New Developments in Corporate Finance and Tax Avoidance: Some Evidence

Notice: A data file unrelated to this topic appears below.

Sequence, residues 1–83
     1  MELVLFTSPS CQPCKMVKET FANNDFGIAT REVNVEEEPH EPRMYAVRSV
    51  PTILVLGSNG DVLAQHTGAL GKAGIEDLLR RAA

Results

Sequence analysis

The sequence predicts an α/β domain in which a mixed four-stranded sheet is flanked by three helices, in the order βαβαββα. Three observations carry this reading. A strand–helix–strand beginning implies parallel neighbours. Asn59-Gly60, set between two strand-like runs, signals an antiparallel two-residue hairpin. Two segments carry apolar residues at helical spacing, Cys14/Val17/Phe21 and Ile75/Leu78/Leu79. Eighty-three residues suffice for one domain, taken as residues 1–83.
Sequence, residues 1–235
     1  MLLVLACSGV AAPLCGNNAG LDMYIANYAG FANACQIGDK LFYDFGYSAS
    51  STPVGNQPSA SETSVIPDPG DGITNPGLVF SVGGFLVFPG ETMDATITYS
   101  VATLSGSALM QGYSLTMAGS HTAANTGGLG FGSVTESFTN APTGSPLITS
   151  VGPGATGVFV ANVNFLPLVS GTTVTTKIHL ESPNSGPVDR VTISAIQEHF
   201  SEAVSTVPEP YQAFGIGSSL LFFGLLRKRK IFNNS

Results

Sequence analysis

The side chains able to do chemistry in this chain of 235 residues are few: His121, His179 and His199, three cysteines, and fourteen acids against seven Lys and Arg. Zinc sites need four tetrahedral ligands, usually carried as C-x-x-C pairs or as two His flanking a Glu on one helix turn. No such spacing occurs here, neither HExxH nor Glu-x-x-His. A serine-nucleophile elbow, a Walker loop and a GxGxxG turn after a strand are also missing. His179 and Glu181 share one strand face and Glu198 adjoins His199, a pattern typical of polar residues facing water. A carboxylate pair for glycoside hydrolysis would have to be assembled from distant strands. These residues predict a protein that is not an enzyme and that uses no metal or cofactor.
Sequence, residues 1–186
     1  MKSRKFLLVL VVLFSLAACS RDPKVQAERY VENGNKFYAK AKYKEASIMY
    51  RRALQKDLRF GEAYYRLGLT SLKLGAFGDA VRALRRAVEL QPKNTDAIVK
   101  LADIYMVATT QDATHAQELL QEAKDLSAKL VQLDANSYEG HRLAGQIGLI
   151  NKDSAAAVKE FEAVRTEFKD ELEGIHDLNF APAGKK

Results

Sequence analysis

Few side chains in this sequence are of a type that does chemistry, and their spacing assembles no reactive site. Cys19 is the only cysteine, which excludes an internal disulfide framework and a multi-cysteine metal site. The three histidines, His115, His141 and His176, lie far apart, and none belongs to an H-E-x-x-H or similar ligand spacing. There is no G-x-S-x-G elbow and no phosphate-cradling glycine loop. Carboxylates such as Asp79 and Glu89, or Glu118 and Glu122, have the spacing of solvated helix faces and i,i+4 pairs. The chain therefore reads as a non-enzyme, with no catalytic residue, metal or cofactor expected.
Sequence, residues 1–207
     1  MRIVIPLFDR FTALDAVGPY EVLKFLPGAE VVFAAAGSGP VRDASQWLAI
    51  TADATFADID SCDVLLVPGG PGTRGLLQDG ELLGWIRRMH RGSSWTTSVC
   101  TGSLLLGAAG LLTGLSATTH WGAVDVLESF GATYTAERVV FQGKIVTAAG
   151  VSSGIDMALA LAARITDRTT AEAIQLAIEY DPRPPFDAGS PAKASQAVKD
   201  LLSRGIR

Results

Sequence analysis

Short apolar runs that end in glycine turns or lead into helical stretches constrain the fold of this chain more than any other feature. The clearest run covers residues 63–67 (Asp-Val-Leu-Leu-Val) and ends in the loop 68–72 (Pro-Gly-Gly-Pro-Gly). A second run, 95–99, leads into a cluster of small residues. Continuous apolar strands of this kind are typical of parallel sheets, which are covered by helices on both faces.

The financial behavior of corporations has changed greatly in the last ten years. Previously most of the cash that stockholders received from corporations took the form of dividends, and economists' models that have dividends as the ultimate determinant of equity values were not far off the mark. This paper documents how much things have changed. There are strong tax incentives for nondividend cash payments between corporations and shareholders. These payments can take the form of a repurchase by the company of its own shares, or the acquisition of the shares in another company. There has been tremendous growth in the magnitude of nondividend cash payments. In the early 1970s these payments amounted to roughly 15 percent of dividends. By 1984, they exceeded dividends, and in 1985 the amounted to $120 billion, or almost 50 percent more than total dividends in the economy. The paper shows that dividends per unit equity have not fallen. Rather, the acquisition of equity has allowed firms to retain relatively constant debt equity ratios in the past five years despite strong equity markets. Firms have chosen to absorb equity and issue debt, roughly holding leverage constant, and have thus saved large amounts of taxes. The paper estimates that the cost to the Treasury of treating share purchase payments differently than dividends was more than $25 billion in 1985. It also finds that future corporate tax collections are significantly reduced by the resulting decline in corporate equity. The paper suggests that the existing model of dividend driven equity valuation must be discarded. It simply is not consistent with the facts. Further research on the form of payments between firms and their shareholders is clearly merited.